I’ve blogged before, with varying quantities of tantrum and self pity, about the aspects of the writing life that I feel less comfy with, less equipped to handle, less likely to pull off with success. Somehow in that post I got onto talking about gin and Worzel Gummidge. Getting pissed. Putting a pretend head on. Coping strategies.
This past couple of weeks have been tough ones for doing things that I don’t particularly like doing. It seems relevant here to mention that one of several recurring dreams I have (the ones that are not about seagulls or monkey puzzle trees or balls of unravelling yellow wool) involves my mind replaying the most terrifying parts of The Return To Oz over and over again. All night. Heads. Shouting heads. I have been having dreams like this, this month. A ton of them.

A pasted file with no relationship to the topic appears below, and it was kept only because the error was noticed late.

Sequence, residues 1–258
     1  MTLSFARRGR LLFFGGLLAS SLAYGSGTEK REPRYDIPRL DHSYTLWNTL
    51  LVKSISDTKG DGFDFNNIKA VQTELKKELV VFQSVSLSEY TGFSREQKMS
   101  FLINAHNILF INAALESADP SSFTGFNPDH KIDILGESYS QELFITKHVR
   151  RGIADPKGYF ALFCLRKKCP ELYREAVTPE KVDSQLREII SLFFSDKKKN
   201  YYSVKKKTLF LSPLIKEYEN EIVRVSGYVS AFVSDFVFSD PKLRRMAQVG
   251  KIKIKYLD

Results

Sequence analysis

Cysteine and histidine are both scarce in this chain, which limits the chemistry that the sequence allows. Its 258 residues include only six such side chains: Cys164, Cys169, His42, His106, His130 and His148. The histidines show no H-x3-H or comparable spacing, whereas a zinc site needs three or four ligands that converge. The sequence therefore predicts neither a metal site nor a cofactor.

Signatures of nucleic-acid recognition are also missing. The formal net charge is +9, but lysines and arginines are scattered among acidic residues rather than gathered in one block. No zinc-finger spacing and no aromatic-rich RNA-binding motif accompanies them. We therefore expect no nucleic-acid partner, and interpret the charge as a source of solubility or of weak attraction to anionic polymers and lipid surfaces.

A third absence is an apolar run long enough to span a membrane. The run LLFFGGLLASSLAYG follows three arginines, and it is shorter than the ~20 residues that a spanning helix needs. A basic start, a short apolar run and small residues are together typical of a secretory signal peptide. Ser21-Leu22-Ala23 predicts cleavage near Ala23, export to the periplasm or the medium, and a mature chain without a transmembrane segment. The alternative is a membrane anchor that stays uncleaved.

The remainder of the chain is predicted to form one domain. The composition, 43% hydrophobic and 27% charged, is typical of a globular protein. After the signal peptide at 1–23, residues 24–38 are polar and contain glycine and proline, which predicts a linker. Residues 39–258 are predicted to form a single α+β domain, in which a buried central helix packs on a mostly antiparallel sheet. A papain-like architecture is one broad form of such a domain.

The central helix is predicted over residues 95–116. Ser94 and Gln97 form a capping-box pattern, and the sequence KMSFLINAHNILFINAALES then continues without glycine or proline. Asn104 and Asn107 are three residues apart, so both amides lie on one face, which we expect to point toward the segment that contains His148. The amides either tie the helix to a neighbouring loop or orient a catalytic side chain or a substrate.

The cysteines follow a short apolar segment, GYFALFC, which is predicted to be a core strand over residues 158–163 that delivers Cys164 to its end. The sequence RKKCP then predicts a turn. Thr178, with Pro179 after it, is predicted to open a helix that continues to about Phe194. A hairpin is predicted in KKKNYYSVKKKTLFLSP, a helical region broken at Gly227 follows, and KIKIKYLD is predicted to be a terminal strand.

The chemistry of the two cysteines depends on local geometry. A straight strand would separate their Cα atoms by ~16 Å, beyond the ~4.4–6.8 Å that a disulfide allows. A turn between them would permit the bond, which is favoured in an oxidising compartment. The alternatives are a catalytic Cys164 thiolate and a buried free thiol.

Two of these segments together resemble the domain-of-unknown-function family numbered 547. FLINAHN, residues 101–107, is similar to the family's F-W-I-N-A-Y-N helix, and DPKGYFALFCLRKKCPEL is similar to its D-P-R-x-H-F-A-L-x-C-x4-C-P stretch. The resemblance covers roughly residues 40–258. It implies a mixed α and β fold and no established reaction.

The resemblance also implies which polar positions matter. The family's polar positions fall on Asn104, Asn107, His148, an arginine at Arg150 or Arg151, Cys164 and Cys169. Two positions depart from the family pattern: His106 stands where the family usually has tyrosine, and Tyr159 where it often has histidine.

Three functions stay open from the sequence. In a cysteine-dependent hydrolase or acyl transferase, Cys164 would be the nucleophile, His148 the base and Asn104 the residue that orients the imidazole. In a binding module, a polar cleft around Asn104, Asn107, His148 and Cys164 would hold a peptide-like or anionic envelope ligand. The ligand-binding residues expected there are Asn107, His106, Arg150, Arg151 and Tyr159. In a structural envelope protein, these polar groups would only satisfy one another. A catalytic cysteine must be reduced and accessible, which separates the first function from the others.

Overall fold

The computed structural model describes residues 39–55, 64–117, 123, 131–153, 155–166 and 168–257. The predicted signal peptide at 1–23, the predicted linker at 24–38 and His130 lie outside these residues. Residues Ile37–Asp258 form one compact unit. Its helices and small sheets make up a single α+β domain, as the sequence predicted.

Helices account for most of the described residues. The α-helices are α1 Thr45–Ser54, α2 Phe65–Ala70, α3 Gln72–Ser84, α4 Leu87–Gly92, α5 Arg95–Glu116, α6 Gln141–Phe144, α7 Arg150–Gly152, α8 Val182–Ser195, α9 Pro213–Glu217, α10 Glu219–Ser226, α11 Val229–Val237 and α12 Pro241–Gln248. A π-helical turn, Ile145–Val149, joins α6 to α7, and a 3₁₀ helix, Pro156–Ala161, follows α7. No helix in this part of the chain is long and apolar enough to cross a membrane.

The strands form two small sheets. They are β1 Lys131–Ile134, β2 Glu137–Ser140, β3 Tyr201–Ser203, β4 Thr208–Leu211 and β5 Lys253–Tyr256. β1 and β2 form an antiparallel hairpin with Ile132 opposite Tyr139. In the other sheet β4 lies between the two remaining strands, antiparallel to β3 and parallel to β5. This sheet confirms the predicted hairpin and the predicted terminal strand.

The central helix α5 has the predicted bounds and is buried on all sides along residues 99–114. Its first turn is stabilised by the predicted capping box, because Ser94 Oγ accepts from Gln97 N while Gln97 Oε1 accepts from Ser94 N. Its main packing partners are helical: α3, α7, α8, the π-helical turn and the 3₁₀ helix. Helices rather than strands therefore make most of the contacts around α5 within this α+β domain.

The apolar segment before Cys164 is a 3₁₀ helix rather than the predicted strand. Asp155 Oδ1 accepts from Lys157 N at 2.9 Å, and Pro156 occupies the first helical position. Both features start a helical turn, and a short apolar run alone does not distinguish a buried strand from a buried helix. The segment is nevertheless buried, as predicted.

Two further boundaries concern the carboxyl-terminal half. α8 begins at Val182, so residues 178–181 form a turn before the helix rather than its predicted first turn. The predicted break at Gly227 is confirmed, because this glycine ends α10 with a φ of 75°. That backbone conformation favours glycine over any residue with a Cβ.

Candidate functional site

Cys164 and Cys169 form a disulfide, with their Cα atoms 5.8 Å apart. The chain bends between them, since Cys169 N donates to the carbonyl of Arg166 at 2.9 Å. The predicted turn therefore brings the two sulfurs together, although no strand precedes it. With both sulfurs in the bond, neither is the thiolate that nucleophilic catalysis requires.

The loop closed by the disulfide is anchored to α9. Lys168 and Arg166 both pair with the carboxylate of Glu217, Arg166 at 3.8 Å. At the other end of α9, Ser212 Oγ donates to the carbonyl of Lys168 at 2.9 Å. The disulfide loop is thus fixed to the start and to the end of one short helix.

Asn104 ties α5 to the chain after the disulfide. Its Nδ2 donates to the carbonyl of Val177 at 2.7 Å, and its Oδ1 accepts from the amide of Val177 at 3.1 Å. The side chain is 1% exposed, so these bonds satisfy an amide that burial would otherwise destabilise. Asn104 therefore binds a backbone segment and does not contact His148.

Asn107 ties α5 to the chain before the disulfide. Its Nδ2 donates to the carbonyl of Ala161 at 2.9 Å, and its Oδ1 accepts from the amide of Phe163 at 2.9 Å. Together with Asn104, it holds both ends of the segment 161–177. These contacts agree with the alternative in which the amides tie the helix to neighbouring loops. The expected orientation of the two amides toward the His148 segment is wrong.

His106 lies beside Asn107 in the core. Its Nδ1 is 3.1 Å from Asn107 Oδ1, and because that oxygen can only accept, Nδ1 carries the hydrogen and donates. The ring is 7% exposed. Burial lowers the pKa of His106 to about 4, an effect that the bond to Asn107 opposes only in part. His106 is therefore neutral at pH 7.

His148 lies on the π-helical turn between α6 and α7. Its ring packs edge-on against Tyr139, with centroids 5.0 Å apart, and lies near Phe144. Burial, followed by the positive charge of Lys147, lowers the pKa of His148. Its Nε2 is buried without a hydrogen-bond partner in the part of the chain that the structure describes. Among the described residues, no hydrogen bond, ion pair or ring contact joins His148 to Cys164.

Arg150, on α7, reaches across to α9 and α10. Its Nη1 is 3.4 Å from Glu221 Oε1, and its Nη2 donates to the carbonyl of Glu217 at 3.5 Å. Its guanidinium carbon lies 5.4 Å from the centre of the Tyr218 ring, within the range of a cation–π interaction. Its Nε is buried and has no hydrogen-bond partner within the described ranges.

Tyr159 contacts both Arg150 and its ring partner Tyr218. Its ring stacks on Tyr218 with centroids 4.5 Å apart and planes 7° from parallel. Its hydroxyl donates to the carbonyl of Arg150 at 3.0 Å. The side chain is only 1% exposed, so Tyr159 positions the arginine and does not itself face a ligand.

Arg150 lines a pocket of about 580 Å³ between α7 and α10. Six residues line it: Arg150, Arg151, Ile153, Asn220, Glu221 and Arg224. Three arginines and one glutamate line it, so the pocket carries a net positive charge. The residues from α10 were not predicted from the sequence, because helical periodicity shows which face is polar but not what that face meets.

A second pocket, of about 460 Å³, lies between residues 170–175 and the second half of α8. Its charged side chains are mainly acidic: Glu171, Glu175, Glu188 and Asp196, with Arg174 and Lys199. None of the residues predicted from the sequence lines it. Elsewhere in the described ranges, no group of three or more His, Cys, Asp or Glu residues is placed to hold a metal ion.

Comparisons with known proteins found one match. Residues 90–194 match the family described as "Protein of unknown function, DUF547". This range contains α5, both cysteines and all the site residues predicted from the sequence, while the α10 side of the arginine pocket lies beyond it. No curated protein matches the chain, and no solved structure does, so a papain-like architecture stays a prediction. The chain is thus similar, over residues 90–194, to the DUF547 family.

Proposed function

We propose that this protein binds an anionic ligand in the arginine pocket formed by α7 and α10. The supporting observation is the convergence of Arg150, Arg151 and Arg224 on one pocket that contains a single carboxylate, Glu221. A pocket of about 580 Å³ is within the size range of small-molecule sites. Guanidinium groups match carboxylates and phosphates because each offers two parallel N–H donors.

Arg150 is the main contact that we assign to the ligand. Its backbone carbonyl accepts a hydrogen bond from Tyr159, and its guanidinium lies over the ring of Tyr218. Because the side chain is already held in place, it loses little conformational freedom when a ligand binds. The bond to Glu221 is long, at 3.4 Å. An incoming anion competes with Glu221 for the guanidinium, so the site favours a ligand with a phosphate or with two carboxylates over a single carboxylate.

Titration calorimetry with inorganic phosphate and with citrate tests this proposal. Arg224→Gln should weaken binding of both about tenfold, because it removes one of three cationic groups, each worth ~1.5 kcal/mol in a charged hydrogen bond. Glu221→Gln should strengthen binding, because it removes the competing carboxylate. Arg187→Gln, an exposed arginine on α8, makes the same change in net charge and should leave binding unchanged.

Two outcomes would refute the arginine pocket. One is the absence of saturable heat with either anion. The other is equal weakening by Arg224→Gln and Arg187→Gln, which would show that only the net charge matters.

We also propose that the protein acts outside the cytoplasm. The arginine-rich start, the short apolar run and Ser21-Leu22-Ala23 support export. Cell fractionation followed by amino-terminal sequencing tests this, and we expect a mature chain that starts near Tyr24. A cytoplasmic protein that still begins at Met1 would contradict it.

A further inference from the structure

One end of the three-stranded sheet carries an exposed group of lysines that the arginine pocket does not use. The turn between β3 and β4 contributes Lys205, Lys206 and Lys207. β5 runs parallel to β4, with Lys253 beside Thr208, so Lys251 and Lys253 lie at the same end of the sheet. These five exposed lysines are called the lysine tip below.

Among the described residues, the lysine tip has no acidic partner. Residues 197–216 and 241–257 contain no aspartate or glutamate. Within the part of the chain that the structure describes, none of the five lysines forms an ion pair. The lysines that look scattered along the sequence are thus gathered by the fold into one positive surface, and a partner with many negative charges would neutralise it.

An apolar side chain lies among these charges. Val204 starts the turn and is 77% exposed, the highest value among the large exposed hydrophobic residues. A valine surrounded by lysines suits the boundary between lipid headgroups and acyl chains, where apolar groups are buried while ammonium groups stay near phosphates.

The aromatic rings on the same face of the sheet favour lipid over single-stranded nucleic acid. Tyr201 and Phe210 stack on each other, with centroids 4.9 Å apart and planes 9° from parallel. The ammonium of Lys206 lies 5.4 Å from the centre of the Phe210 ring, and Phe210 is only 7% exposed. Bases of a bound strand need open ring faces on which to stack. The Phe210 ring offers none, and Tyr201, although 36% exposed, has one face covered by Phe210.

Mr. is brilliant, largely ignoring me, or muttering with unconcealed scorn: ‘You were like this the last time you had a book out, you know,’ as if writing a book were no more important than any of the other hundreds of tasks we do every day. Which is isn’t. It does make it easier. As does the fact that this urge to get drunk and decapitate myself might be a pattern, even if it is one I am not yet aware of.
I like to think some of you find this blog useful – writers and writers in the making. So it is almost a public service announcement for me to say yes, I am lucky and this is a good life. We are together and healthy and I get to do the job I always wanted to do. But. But. It is also contains bits of work that aren’t exactly my cup of tea. That leave me frazzled and anxious and teary. And I don’t yet have any advice for myself or for other people on how to deal with that.
Which is lucky, because I am friends with lots of writers and when I don’t have Tips, they often do. If you are, like me an incurable attention seeker who is horrified at the thought of being Looked At, see Emma Darwin’s blog for lists and suggestions on coping with the horror of publicity.